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Israeli leadership divided over conflict with Hamas

israeli leadership divided over conflict with hamas

New Delhi, Jan 20: The leadership of Israel is divided over its approach to the conflict with Hamas.


Former military chief Gadi Eisenkot has called for snap elections, accusing the government of not being transparent about its offensive against Hamas.


This comes as a stark contrast to Israeli Prime Minister Benjamin Netanyahu's steadfast commitment to continued military action until "total victory over Hamas."

The discord between Eisenkot and Netanyahu was laid bare in a recent television interview where Eisenkot not only advocated for elections within months but also expressed scepticism about trusting Netanyahu.


The former military leader, a centrist minister and observer in the war cabinet, emphasized the need to rebuild trust among the Israeli public, stating, "It is necessary, within months, to return the Israeli voter to the polls and hold elections to renew trust because right now there is no trust."


Eisenkot further diverged from the government's stance by asserting that the release of hostages held by Hamas should be a top priority. He argued that achieving this goal would require more than military force alone and suggested a potential halt in fighting as part of a negotiated deal with the militant group.


This perspective sharply contrasts with Netanyahu's hardline to continuing the military offensive until the achievement of specific goals. The prime minister, in a press conference, vowed to "continue the fight with full force" and dismissed the idea of pausing the war for negotiations.


The Financial Times newspaper reported that the internal rift extends beyond the conflict strategy, touching on strained relations within the war cabinet. Netanyahu and Defence Minister Yoav Gallant, both members of the cabinet, are reportedly barely on speaking terms.

Gallant's office, when questioned about relations with Netanyahu, emphasized the focus on ensuring the security of the state and the necessity of unity in Israel's society and government for victory in the war.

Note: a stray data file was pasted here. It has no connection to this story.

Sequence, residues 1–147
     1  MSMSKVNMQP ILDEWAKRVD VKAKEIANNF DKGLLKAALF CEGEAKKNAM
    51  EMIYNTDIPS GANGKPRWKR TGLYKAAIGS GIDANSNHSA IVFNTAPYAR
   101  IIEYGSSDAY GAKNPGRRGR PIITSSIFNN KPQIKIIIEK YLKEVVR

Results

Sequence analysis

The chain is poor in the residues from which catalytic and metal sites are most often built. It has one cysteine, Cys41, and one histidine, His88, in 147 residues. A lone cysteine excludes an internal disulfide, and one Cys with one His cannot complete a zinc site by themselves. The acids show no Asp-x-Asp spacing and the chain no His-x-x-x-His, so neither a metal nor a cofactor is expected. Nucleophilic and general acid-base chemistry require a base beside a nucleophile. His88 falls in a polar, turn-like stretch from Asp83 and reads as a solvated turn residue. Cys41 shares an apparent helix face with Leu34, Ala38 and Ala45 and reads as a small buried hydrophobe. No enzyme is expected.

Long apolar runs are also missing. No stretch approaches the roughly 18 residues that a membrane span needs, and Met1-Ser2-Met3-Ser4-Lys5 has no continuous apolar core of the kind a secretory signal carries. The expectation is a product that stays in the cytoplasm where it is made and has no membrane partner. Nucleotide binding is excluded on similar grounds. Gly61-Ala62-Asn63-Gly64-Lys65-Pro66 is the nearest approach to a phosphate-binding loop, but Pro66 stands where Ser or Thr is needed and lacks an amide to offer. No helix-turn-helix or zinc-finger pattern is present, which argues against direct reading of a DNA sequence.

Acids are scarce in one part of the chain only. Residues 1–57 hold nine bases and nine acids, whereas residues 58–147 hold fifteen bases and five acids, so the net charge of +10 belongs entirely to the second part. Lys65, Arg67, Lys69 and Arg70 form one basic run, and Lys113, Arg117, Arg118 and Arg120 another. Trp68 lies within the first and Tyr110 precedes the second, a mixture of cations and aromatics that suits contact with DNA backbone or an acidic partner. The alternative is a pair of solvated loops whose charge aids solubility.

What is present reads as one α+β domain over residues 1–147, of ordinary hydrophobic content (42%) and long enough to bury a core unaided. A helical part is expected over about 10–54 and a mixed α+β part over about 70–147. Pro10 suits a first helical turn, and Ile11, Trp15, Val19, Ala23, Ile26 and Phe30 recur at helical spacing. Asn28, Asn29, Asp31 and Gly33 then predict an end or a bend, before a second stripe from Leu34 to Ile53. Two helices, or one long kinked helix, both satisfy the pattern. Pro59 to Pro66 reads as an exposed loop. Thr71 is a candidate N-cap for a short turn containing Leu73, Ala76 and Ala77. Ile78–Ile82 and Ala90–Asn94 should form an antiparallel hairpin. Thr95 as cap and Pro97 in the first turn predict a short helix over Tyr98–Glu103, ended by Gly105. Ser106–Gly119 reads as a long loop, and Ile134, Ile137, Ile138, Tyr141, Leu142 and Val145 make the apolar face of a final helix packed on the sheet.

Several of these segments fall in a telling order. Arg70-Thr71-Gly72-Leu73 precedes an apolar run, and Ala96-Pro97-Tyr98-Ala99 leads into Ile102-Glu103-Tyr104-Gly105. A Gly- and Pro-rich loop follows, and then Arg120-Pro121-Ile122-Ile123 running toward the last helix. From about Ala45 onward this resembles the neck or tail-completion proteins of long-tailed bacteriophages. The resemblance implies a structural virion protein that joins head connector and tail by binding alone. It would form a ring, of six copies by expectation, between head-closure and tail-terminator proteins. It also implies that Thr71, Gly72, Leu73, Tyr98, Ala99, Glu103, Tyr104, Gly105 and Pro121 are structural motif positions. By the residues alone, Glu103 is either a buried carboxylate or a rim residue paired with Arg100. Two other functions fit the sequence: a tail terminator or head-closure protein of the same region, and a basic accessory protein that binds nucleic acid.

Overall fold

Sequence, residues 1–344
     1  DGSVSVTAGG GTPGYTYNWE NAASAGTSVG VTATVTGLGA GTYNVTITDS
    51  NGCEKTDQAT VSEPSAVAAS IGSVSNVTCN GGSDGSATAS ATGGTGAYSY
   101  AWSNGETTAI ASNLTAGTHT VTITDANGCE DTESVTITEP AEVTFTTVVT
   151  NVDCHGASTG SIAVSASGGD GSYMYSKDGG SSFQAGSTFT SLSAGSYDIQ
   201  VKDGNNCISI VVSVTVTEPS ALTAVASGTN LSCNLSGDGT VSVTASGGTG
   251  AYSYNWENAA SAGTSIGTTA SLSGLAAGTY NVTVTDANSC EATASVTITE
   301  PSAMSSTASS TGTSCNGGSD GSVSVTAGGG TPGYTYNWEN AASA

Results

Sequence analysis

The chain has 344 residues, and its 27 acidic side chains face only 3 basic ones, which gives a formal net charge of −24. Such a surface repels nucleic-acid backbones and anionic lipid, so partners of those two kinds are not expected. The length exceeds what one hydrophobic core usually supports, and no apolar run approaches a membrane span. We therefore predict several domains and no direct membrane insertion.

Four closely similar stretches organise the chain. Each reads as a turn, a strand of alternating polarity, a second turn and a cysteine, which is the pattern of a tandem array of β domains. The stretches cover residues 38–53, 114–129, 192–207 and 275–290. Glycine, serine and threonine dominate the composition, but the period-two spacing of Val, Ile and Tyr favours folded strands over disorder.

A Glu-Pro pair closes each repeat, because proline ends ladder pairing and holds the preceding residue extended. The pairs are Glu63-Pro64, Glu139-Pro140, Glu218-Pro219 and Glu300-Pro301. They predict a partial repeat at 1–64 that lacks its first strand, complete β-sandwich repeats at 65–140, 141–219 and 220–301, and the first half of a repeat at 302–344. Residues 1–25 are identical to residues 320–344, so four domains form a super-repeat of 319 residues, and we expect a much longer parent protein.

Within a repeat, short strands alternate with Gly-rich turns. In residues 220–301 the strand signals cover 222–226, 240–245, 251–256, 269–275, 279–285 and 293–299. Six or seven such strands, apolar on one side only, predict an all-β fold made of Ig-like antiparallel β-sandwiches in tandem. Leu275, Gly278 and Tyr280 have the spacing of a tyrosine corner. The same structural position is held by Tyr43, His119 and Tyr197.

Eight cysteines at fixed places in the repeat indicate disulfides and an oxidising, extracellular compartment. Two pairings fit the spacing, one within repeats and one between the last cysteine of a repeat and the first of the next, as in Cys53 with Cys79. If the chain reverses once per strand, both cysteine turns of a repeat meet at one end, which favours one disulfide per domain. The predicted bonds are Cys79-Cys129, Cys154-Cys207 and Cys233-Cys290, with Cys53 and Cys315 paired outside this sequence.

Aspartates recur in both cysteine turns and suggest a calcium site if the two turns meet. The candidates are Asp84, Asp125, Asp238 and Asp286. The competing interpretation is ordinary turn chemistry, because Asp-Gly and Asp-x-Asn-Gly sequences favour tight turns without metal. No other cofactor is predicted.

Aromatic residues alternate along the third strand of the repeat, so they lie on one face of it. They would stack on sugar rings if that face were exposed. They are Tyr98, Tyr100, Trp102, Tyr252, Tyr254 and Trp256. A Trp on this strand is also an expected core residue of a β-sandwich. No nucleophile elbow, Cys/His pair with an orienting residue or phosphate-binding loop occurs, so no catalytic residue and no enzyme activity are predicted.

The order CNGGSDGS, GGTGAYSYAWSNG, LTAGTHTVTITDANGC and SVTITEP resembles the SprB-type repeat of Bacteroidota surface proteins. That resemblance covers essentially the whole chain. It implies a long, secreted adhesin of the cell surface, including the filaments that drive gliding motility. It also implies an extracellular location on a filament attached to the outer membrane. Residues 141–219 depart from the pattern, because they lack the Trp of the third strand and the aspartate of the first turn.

A significant point of contention revolves around the release of hostages, with many Israelis urging a deal, even if it means halting the war.

Netanyahu and Gallant have categorically rejected such calls, emphasizing that only continued military pressure will lead to the hostages' release.

The lack of a comprehensive plan for postwar Gaza has also fuelled tensions, despite calls from the US administration, Arab governments, and the Israeli security establishment.

Netanyahu's political considerations are cited as a reason for avoiding discussions on this critical issue, with Gallant indirectly criticizing the prime minister's "political indecision."

Amid this internal strife, an initiative from Arab states aims to secure a ceasefire and the release of hostages, potentially offering Israel normalization of relations in exchange for steps towards a Palestinian state.

However, Netanyahu rejected this plan, reiterating his opposition to a Palestinian state and asserting Israel's intention to retain security control over the designated territory.

Separately, Qatar and Egypt have been attempting to mediate a deal between Israel and Hamas, exploring possibilities for a temporary ceasefire and a path towards a lasting agreement.

International reactions to Israel's stance, particularly regarding a two-state solution, have been mixed. White House national security adviser John Kirby acknowledged differences between the United States and Israel on this matter. State Department representatives emphasized the necessity of a Palestinian state for addressing Israel's security challenges.

President Joe Biden, in a recent call with Netanyahu, discussed a two-state solution, signalling a departure from the previous administration's approach.

While some in the US express frustration over Israel's resistance to certain proposals, others hope that a renewed focus on the two-state plan could pave the way for lasting peace.